The top part of it is list of headlines that we’re putting together with Publish2.

I’ve been working with editors from the GateHouse News Service to use Publish2 as a bookmarking engine to route headlines from our browsers to that widget on many GateHouse sites.  In fact, the news service has been using it for months now to feed links to their Elections page.  You can find notes on that use and our use of Publish2 to feed Hurricane Gustav headlines to sites in Lousiana here.

Here’s why we’re getting so much use out of this:

  1. It’s simple. Use a bookmarklet, surf the Web, hit the button when you find a story to share.
  2. It’s diverse. You choose the sources, you push the buttons, you curate the content.
  3. It’s timely. I sat in front of my laptop last night, scanning politics.alltop.com, Google News, Yahoo News, the network’s sites, big national papers, Memeorandum, Twitter, and Google Reader, plucking the results off the pages and bookmarking the link with Publish2, giving local sites an instant feed of national headlines.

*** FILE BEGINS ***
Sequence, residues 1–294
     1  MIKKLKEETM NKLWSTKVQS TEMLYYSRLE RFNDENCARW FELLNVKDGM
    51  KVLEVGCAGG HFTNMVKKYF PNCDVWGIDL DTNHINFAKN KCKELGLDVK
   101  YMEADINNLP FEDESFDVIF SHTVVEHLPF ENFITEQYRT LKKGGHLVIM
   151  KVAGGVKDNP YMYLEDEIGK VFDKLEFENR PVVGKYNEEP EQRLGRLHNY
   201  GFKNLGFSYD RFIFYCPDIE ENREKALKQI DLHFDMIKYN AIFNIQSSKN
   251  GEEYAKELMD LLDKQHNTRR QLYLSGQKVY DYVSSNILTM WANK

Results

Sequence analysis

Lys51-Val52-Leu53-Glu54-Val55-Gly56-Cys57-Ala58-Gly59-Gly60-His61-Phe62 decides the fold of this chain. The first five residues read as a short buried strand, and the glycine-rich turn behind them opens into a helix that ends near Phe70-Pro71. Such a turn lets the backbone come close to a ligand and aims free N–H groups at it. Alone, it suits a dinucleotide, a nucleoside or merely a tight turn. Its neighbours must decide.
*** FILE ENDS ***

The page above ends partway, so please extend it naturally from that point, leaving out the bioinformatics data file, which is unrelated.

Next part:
Scott Karp started telling about his plans for Publish2 more than a year ago, when it quickly inspired me to start thinking about ReportingOn, based on what Publish2 didn’t do; but he keeps developing the idea, and I think he makes a strong case for using it as a tool for curating the Web in a way that makes sense for news organizations.

Yes, yes, I know that you could do something similar with Delcious or Google Reader or FriendFeed or even a Twitter account, but Publish2 has a by-journalists-for-journalists feel that I like.  You’re not repurposing some other app to do what you want; this is designed to do what you want, and even allow you some editorial control, or even to group users with access to a set of links.

Check it out.  Curate the Web that your community cares about.

A short manifesto on local linkblogging

Brittney Gilbert blogs for a TV station in the Bay Area.  I’ve mentioned her before, and even though I’ve moved geographically far from her coverage area, I keep up with her tweets and various postings.